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The Meaning Of Ramadan: Part 2

Chief Imam Wallace Deen Muhammad


(Editor's note: The following interview with Chief Imam Wallace Deen Muhammad was conducted by Wall F. Muhammad, the "Communicator," for Radio Station WBEE on Aug. 15, 1978. Following are excerpts from that interview.)—Continued from last two weeks.


CHIEF IMAM: Now we break the spirit of the fast if after the sunset we play or turn on the records and get the shake baby, shake or something. When we start blasting that, that will destroy, or will break the spirit.

The night is for prayers, for long prayers and contemplation on the guidance of God and his blessings in our life.

So the day is to restrain the carnal, the wild carnal appetites. Not all of the fleshly appetites, but to teach some discipline and to stay away from the forbidden things and to restrain the appetites for food, drink, etc., and smoke. Smoking is not forbidden in the Quran by revelation or to my knowledge by Hadith, that is, by the sayings of Prophet Muhammad. Nevertheless, it is agreed by most qualified authorities in Al-Islam that smoking is a thing that should be forbidden. It is a thing to stay away from, and we arrive at this judgment by the saying of Prophet Muhammad that if the benefits are overweighed by the harm of a thing, then that thing is harmful.

Smoking—what is the benefit? The benefit is just relief from tension, some bodily tension. You didn't have those, bodily tensions before you started smoking. The first puff was not to satisfy bodily tensions, the bodily tensions were created by the smoking, the nervousness was created by the smoking.

What does society benefit from your smoking? You are burning up money in the air, you are just burning up money in the air. The Cancer and Heart Societies are telling us now that we are just coating our lungs with nicotine and adding to the problem of breathing, pollution, emphysema, cancer and heart disease. We are contributing to all of these things.


COMMUNICATOR: So these bad things overwhelmingly outweigh the benefits?


CHIEF IMAM: Certainly, so if we apply that rule to smoking, though smoking was not expressly named in the Quran or the Hadith, if we apply that rule, then we have to stay away from smoking. So the Honorable Elijah Muhammad, he was in some ways more orthodox than the Orthodox.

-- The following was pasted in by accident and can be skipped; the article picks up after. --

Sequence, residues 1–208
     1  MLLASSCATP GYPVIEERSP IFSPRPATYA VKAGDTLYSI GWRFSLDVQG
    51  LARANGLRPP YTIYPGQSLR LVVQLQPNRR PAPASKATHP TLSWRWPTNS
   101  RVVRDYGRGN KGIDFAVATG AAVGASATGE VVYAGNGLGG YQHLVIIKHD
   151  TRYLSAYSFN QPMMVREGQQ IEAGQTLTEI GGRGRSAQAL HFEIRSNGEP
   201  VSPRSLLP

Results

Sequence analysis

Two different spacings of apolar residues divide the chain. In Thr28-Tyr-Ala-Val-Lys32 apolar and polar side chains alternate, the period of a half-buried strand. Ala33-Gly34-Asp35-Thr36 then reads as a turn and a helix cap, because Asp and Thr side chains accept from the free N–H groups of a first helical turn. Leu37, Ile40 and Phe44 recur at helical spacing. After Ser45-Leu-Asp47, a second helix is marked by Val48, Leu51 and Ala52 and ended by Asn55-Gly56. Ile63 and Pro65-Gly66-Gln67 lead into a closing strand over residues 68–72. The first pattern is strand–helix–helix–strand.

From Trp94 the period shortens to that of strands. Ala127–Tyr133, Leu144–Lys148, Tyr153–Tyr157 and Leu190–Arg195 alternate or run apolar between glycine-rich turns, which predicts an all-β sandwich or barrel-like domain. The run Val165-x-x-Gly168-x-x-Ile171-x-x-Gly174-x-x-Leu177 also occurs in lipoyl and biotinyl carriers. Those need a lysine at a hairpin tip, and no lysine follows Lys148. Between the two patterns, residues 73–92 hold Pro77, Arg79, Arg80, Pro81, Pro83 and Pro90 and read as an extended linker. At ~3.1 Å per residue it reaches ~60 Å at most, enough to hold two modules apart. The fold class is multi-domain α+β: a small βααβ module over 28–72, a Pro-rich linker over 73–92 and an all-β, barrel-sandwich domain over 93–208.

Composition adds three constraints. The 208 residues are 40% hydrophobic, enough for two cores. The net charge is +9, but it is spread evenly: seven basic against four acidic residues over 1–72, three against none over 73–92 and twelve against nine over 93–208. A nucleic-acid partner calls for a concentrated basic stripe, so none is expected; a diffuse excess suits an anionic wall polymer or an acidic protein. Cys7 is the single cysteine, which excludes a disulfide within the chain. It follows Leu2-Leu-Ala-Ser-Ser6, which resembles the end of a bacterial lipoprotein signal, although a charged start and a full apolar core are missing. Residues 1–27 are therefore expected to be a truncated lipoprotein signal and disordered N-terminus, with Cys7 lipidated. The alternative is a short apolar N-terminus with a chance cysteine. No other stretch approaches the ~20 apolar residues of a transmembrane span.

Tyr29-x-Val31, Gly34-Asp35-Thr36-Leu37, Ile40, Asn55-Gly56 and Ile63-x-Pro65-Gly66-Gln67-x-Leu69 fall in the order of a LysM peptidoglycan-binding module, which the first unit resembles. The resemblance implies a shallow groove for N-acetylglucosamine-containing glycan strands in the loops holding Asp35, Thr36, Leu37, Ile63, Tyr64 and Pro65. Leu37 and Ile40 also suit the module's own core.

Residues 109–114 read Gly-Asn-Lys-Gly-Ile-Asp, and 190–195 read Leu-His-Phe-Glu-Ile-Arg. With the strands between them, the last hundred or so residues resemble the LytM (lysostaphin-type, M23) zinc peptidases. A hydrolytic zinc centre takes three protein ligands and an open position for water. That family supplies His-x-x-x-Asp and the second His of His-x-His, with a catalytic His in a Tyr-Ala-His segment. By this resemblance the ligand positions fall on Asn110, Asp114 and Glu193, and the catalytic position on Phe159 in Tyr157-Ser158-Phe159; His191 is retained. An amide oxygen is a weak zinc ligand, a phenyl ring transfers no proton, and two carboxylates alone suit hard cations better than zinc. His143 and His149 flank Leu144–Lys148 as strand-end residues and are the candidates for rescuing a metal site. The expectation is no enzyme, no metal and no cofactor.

COMMUNICATOR: By forbidding it altogether from the Muslims in America?


CHIEF IMAM: That's right. And we still forbid it. There is no smoking. The Muslims, if they do it, we won't throw them out of our community, we don't excommunicate anyone anymore for those things, but we do let them know that they are not practicing the good, rational, sound teachings of Al-Islam when they are wasting their money in smoking and destroying their health and destroying the good atmosphere that all of us have to breathe.


COMMUNICATOR: Chief Imam, we are now coming towards the end of Ramadan and there is a prayer and a celebration called the Eid ul-Fitr.


CHIEF IMAM: Yes, Eid ul-Fitr, that's right.


COMMUNICATOR: Would you explain that?


CHIEF IMAM: Yes. After the 30-day fast we have a victory. We celebrate and then we eat in the day—we eat joyfully in the day. So actually the interpretation of this is that once we have made our society decent, clean— we have cleaned it up morally, physically and spiritually—when the society is made right and decent and clean for God's sake, then the daylight or the material side of life and the regular material kinds of involvements will not be harmful to us at all—the society will be safe.

There is nothing wrong with God's material creation. The wrong is in the way we view and relate to God's . creation. So once that knowledge has been corrected and our blind and wild passions have been tamed, then we can go out day and night—it's just as good.

COMMUNICATOR: Because it is under control now?


CHIEF IMAM: It is just as good. We have opened up our eyes to the reality of the world. So if we are blind in the day, then the day is our night.


COMMUNICATOR: And thus completes...that is the victory; we celebrate the victory of our fast?


CHIEF IMAM: The victory of our fast, right. Certainly. That we have overcome the temptations of ignorant direction that lead to wildness of life and moral corruption, injustices. We have had a victory, we have for 30 days...which represents a completion that we have come through this life clean and upright before God so we don't have to fear the physical creation because our eyes are open. This is truly day. So the Eid is truly the day for the Muslims after the fasting of Ramadan.


COMMUNICATOR: I want to again thank you very much for this opportunity of being with you to discuss Ramadan.


CHIEF IMAM: I am sure the scholars—learned scholars on the Quran and Hadith, and the meaning of fast—they will say that he barely touched upon the subject. That's because there are many social benefits. The fast teaches us to be concerned for the suffering of other people. We know the pain of hunger in our stomachs so it makes us more sympathetic for the pain of hunger in the stomachs of those who have to fast all of the time. Some poor people have to fast in the month of Ramadan and outside of Ramadan; it doesn't make any difference, they don't know when they have to fast. The day comes and they have to fast. So it teaches us to be sympathetic—a compassionate, sympathetic people. It makes us more charitable.